The Forgotten WWI Guests: While he was working on the house, he was surprised to find writing on the walls under the paint

In the sleepy little village of Charmoy in France, Olivier Claudon bought a vacation home to get away from it all. In 2002 while he was working on the house, he was surprised to find writing on the walls under the paint. The words were in English and gave the names, ranks and American addresses of some men. Claudon could not understand why the US soldiers had been in the house. There had been no battles there in either WWI or WWII nor were there any prison camps located in the area. After years of research, Claudon discovered an online book that told the story.

In 1920 the Association of the 27th Engineers published The History of the 27th Engineers, USA, 1917-1919  by W.R. Ingalls, an American miner who was attached to the unit. The book shows that in the summer of 1918 the 27th Engineers were gradually being sent to France, several companies at a time. The main purpose of the unit was building bridges and shoring mines. They also repaired and reinforced bridges for heavy equipment to pass and repaired railroad tracks.

During the early days of autumn 1918 on the way to Clermont-en-Argonne, the soldiers stopped in Charmoy for about a month for a break and waited to receive orders. Three companies, D, E and F, of the Second Battalion of the 27th Engineers Regiment set up tents for a kitchen, bathhouse and probably a latrine. Soldiers stayed in local homes, barns, and sheds and received that last bit of training they needed before going to the front lines to face the battle.

US Army Camp Hospital in WWI.
US Army Camp Hospital in WWI.

The influenza pandemic that started in 1918 had already reached Charmoy, and the American troops succumbed quickly. Five men were transferred to a hospital at Langres but died of pneumonia.

While waiting for the other men to recover, the area YMCA constructed a large tent where the soldiers could sit by a warm stove, drink coffee and write letters to their loved ones at home. There was also a movie night which residents from the town were invited to. Vaudeville shows were put on to keep up the morale of the men, and the population usually attended those as well.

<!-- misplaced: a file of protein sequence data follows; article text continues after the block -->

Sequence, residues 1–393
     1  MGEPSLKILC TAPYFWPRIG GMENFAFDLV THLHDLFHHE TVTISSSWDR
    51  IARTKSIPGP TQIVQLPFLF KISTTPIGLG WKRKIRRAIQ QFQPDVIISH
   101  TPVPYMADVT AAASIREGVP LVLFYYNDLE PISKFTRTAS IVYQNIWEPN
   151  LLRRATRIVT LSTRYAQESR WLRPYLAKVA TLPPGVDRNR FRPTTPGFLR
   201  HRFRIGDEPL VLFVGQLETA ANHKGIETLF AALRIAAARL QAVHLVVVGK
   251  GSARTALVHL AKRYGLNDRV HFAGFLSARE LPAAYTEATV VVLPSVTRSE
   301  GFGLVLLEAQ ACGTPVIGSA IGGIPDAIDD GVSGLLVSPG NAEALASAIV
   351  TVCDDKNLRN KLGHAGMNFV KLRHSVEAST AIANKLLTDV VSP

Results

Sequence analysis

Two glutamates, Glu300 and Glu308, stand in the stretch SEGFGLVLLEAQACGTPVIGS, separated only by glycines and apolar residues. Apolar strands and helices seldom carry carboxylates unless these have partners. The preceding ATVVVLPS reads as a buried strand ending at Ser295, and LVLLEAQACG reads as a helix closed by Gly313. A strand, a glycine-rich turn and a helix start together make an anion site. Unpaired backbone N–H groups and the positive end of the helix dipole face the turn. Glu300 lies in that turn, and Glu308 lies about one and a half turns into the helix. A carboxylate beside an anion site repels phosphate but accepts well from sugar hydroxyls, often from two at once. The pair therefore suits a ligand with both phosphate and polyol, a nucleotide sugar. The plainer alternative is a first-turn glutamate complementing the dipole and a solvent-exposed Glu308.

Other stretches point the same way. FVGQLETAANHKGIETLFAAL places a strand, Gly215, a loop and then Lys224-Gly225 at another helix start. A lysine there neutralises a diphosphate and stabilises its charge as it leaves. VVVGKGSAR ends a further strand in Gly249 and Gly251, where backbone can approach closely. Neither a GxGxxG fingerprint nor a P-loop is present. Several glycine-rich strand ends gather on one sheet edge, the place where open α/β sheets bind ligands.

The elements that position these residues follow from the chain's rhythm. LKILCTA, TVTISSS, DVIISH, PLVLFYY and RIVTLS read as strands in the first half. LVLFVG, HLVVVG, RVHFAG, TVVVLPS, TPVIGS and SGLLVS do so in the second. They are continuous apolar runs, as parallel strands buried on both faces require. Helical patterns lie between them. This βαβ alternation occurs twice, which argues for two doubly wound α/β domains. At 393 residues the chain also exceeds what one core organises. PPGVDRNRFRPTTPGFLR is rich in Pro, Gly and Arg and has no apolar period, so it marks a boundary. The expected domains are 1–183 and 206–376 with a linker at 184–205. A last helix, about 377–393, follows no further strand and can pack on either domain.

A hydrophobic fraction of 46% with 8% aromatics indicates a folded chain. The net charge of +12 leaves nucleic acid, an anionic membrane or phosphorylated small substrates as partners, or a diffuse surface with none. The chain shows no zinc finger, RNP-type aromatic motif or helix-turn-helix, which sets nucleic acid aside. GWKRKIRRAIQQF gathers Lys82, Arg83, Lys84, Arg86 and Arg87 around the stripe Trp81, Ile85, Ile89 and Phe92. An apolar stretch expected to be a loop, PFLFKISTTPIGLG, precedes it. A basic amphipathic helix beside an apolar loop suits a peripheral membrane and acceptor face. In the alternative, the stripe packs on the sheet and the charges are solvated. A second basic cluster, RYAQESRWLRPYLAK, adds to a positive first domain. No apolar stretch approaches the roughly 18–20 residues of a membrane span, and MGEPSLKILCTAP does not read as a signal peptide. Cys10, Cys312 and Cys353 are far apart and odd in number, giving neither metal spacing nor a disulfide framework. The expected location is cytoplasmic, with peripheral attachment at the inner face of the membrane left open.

The soldiers were so well behaved and polite a letter was drafted by the Mayor praising the unit and letting them know there had been no complaints by the townspeople.

The 27th Engineers that had been constituted in January 1918 and demobilized in March 1919 remained silent until they were reactivated in July 1941.

During WWI the 27th lost twenty-five soldiers. Twenty-eight received wounds under enemy fire or other causes.

When Claudon uncovered the mystery of the writing on his walls, it was discovered that other local buildings had been signed by the soldiers as well. Claudon has been researching the signatures against the lists of names of soldiers in the 27th.

Dugouts in the Argonne, 1918
Dugouts in the Argonne, 1918

Many more signatures have been found in the village. They confirm that the men of Company E are the source of most of the names which were written between September and October 1918. Drawings of faces, maths problems and an illustration of a goose or perhaps a duck have been found.

The village of Charmoy has been captivated with the discovery of the American troops who spent time there. The villagers have decided to celebrate their lost history by showing an exhibition of the few artifacts left behind as well as the signatures on the walls.


Ian Harvey

Ian Harvey is one of the authors writing for WAR HISTORY ONLINE